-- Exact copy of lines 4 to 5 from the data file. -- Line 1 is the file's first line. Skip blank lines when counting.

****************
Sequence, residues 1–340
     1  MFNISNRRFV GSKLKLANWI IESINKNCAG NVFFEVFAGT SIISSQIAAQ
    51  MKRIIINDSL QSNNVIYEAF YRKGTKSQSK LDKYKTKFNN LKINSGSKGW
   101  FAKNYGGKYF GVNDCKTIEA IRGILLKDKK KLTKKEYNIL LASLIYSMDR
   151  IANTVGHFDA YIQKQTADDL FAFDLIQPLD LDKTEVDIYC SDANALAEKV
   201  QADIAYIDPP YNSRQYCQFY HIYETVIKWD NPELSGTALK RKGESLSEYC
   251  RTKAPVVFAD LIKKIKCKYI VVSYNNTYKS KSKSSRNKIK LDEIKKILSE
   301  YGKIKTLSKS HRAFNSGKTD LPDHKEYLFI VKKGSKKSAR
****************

   101  FAKNYGGKYF GVNDCKTIEA IRGILLKDKK KLTKKEYNIL LASLIYSMDR
   151  IANTVGHFDA YIQKQTADDL FAFDLIQPLD LDKTEVDIYC SDANALAEKV